Förutom vår stads nya mysterium så flyter livet på. 3 veckor har snart passerat och jag har kommit tillrätta i både rum, universitet och stad. Jag har hittat mina egna små smultronställen i staden dit jag kan gå för att få några timmars lugn och ro, drömma mig bort eller tänka tillbaka på det man saknar där hemma.

3 veckor in, betyder även 2 veckor in i terminen och nu börjar förberedelserna för 4 uppsatser som ska in lagom till påsk. Nu börjar läsningen, pluggandet och skrivandet. Men jag försöker att ha något att göra varje helg och på kvällarna för att inte bli uppslukad av universitet. Jag spelar badminton två dagar i veckan, går på högmässa i domkyrkan varje söndag och sociala kvällar och helger med nyfunna vänner runt om från världen. När man håller sig sysselsatt blir hemlängtan lite mindre.Under de kommande 6 veckornas dagar existerar endast 4 uppsatser. Men det lär bli bra uppsatser då jag studerar väldgt intressanta kurser. 🙂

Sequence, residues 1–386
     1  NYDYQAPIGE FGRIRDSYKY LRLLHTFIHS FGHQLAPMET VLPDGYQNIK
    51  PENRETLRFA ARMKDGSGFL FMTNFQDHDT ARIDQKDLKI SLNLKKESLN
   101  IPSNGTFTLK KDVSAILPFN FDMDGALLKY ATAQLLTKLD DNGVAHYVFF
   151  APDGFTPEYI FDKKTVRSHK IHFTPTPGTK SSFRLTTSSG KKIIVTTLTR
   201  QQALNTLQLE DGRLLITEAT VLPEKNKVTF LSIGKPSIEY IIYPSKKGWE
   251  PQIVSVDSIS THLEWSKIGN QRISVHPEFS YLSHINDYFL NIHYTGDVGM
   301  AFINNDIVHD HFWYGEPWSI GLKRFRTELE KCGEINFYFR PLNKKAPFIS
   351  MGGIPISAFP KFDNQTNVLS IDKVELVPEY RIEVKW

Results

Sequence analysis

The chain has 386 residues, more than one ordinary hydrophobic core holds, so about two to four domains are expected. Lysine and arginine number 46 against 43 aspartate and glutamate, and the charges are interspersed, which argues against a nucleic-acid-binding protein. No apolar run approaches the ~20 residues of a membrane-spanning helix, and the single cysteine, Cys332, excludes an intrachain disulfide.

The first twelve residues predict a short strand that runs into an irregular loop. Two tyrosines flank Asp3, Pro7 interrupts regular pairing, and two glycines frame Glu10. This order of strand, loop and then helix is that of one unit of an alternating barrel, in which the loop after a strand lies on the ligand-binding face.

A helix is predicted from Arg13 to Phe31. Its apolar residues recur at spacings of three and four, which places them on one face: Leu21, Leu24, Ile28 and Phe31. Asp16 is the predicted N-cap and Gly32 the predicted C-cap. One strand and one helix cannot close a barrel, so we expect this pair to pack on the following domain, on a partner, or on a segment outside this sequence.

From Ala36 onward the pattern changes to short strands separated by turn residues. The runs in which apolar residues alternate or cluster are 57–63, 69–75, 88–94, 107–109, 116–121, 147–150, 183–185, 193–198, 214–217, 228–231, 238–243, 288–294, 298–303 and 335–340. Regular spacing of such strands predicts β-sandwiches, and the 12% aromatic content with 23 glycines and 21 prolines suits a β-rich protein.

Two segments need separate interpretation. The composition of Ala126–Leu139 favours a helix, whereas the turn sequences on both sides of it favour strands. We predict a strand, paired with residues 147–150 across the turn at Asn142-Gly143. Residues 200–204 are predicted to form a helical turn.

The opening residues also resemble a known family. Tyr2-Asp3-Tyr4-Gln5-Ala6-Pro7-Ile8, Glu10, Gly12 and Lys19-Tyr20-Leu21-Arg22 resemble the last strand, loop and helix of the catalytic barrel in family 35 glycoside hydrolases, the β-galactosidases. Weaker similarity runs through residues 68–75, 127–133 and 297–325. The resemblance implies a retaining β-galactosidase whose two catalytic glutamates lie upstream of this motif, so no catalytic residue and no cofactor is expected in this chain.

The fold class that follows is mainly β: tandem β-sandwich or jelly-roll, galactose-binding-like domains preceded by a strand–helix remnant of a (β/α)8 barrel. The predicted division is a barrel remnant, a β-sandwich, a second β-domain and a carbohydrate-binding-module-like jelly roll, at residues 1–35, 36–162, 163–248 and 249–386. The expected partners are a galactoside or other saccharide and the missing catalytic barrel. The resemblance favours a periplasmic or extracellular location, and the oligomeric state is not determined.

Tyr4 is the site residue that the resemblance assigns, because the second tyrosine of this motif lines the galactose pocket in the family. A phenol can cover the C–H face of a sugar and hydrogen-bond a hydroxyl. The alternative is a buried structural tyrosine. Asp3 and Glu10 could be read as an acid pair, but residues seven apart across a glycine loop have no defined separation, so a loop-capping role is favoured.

Until next time. <3